NAV pricing for fixed income ETFs can be stale in a volatile market
In challenging markets, focus on execution strategies and work with liquidity providers
The average discount on fixed income ETFs, across the industry, has widened to levels not seen since the financial crisis1. While some may view this as an issue with fixed income ETFs, structurally this is what we’d expect because investors are using ETFs as price discovery tools. The discount simply reflects the fair market price between willing buyers and sellers based on their assessment of the valuation of the underlying bonds – some of which may not have traded recently.
NAV pricing can be stale in a volatile market
At its most basic level, an ETF’s NAV reflects an estimate of the value of an ETF's underlying portfolio. Typically, that NAV is likely to be fairly accurate. However, in a volatile market, like today’s, difficulties in pricing and trading fixed income securities will impact the estimate of the fair value of that basket of bonds. When underlying fixed income market liquidity becomes constrained, pricing becomes increasingly opaque. And individual bond pricing can lag real-time market sentiment as well as realistic pricing levels.
Real-time sentiment, however, will show up in fixed income ETF market prices on where the market deems that basket of bonds should trade, based on prevailing macro information and the assessment of risk.
There are also structural factors that can lead to wider than normal premiums and discounts during periods of volatility. Fixed income NAV prices are typically struck as of 3 p.m. EST – and ETF trading that continues from 3 to 4 p.m. can lead to distorted premiums/discounts relative to those NAVs struck at 3 p.m. Importantly, we have recently seen plenty of market-moving news break well after 3 p.m. that has impacted the level of a fixed income ETFs discount, as the market is incorporating real-time news while the underlying market is closed. This is the ETF acting as price discovery tool.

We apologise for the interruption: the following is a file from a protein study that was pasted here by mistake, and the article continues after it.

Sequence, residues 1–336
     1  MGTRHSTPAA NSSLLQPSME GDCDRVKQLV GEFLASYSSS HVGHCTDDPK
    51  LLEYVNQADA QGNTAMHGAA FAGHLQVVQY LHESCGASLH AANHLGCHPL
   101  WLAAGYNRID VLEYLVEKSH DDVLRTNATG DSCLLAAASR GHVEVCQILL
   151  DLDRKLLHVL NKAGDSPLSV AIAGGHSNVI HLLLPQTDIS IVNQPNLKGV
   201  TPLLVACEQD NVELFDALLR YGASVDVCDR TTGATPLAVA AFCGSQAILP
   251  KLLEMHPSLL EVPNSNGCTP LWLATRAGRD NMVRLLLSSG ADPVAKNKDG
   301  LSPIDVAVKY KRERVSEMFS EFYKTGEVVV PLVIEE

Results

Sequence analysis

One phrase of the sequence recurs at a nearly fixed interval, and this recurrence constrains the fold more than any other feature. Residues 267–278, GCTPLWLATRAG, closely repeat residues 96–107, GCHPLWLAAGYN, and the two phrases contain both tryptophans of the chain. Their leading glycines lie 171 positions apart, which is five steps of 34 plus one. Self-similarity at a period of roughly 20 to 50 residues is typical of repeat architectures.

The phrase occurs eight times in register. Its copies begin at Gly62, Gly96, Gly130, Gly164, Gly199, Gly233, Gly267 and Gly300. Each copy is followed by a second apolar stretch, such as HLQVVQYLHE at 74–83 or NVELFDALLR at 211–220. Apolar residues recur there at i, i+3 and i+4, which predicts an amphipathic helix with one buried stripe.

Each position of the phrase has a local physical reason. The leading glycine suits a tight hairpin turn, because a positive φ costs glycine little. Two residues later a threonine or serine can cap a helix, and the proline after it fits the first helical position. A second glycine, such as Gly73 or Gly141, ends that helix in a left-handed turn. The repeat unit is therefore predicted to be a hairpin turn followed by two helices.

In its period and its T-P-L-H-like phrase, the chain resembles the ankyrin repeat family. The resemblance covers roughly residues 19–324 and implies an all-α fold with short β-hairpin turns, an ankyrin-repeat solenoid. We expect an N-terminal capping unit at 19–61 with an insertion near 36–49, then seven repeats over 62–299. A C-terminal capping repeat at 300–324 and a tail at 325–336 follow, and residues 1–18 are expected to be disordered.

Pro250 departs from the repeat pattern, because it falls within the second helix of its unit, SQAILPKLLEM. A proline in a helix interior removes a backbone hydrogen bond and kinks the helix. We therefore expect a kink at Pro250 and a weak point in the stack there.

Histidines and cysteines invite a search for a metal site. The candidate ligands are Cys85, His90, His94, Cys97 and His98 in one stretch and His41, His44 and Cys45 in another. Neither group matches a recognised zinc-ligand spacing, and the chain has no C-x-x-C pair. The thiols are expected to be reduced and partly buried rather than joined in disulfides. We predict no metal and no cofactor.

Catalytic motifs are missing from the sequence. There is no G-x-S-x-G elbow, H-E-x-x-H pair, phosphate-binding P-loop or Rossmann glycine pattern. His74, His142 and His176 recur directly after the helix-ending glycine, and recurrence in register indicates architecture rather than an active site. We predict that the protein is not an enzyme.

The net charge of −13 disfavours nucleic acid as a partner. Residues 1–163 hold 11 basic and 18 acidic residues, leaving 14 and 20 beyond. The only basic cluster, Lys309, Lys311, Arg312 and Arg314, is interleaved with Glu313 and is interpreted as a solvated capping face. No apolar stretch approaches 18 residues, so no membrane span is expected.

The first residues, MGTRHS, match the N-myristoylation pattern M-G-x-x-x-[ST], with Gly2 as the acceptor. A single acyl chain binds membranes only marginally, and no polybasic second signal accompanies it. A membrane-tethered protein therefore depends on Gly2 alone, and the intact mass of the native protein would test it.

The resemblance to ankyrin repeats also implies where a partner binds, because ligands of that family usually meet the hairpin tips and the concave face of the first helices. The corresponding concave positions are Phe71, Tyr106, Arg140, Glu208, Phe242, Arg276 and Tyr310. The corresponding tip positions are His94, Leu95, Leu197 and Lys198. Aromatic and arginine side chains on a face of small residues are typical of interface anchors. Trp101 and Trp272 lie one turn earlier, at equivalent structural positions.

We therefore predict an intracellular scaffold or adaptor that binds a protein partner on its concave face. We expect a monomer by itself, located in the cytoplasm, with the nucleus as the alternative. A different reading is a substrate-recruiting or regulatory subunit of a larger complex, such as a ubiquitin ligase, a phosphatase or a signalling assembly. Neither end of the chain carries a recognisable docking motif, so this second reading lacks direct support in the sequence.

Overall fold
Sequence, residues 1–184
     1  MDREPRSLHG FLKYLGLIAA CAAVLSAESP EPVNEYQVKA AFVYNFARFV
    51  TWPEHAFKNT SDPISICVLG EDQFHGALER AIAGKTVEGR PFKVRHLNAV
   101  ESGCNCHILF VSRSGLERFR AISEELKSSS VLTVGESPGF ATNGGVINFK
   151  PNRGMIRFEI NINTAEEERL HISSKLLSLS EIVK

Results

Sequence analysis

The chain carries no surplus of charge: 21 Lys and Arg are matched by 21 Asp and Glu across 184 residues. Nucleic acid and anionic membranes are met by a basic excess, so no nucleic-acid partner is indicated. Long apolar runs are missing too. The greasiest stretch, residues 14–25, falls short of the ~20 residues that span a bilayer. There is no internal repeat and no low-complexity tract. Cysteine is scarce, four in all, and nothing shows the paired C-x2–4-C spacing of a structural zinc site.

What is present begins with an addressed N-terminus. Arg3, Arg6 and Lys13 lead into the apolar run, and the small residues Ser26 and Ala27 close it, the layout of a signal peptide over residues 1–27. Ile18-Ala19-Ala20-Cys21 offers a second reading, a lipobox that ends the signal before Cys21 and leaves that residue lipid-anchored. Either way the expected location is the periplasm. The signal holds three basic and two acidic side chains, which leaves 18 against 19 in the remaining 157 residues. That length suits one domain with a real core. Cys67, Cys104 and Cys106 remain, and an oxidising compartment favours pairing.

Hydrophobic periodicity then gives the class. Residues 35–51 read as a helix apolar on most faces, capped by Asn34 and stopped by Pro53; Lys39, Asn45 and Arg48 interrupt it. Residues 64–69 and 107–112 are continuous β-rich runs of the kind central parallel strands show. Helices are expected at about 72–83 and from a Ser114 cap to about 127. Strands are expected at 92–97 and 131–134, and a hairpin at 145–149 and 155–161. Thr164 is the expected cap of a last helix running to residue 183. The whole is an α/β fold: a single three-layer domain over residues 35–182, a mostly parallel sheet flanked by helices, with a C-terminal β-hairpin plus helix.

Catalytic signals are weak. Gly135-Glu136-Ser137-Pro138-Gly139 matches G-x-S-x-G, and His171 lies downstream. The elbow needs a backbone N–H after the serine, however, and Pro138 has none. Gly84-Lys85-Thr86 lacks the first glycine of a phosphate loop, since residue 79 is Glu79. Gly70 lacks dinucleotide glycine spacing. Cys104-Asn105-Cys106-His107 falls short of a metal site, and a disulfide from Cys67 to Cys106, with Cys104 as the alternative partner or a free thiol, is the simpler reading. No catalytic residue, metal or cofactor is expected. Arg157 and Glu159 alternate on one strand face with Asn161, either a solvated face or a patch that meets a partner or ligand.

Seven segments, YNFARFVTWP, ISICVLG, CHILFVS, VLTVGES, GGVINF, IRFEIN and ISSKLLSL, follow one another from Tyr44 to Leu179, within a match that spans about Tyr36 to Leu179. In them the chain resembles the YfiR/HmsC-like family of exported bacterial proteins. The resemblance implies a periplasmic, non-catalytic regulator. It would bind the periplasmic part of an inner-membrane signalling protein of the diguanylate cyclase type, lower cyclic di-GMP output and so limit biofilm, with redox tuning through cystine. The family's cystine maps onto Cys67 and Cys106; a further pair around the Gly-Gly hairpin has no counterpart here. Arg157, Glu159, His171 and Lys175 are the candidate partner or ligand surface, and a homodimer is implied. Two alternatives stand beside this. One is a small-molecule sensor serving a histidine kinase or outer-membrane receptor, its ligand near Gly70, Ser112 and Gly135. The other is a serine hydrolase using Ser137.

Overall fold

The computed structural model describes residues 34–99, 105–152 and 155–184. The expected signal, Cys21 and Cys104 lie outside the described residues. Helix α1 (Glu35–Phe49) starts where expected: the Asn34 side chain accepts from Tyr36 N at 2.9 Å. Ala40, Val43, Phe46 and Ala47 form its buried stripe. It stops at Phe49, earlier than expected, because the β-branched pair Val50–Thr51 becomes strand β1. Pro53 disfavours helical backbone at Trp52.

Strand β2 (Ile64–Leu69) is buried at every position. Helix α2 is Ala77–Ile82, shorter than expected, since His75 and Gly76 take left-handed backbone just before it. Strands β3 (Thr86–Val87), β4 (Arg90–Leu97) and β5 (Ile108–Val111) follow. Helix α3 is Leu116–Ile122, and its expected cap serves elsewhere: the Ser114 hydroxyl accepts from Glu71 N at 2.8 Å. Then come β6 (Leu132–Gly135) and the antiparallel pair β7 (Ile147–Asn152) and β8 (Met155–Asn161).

ETFs remain at least as liquid as their underlying constituents
The other structural aspect is that the large discounts in fixed income ETFs are likely reflecting market participants inability to trade underlying bonds at levels reflected in (potentially stale) NAV valuations. Therefore, as stated above, the ETF’s price may better reflect actionable prices to trade constituents.
Further, despite higher relative ETF trading volumes – fixed income ETFs traded a record $47 billion on February 28, only to break that record on March 9 with $53 billion, and have traded three times their normal daily volume from February 21 to March 17, 2020 compared to the same period in 2019,2 – we have not seen a large uptick in primary market activity. This could further indicate that underlying market liquidity is not being properly reflected by NAV pricing sources.
Focus on Execution Strategies
With fast-moving markets and uncertainty related to underlying pricing, ETF execution strategies become more important. We continue to advise that investors trading any ETF should:
As we’ve seen in other periods of stress, ETF volumes have spiked as investors have gravitated to the transparency of exchange trading to make real-time asset allocation decisions and source liquidity at a time when they demand it most. And we encourage investors to contact us with questions and for guidance.
1 Bloomberg Finance L.P. as of March 17, 2020 calculations by SPDR Americas Research
2 Bloomberg Finance, L.P., as of March 17, 2020
Net Asset Value (NAV)
The value per share of a mutual fund or an exchange-traded fund (ETF) on a specific date or time.
The views expressed in this material are the views of Matthew Bartolini and Bruce Salzman through the period ended March 18th, 2020 and are subject to change based on market and other conditions. This document contains certain statements that may be deemed forward looking statements. Please note that any such statements are not guarantees of any future performance and actual results or developments may differ materially from those projected. Investing involves risk including the risk of loss of principal. Past performance is no guarantee of future results.
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